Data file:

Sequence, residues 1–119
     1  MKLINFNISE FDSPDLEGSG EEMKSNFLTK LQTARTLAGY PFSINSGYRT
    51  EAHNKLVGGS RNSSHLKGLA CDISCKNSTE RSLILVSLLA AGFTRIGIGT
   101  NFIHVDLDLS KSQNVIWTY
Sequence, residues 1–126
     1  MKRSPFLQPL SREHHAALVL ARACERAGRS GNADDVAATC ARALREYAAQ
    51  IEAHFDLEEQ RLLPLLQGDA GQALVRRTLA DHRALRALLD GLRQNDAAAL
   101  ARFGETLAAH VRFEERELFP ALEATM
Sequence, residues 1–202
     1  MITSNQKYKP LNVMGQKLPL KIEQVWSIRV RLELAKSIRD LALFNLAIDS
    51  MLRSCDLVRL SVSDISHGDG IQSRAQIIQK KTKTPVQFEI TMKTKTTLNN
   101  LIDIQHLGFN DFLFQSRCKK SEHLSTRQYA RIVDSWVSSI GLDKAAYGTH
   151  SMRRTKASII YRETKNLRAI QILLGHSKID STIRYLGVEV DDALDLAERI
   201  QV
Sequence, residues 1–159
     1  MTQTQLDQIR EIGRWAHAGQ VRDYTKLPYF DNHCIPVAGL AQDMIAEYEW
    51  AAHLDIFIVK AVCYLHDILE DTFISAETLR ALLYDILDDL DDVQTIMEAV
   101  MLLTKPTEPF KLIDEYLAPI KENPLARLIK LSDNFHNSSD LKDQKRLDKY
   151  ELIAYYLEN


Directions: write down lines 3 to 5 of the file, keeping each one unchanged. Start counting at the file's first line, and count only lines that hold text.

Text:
    51  EAHNKLVGGS RNSSHLKGLA CDISCKNSTE RSLILVSLLA AGFTRIGIGT
   101  NFIHVDLDLS KSQNVIWTY
Sequence, residues 1–126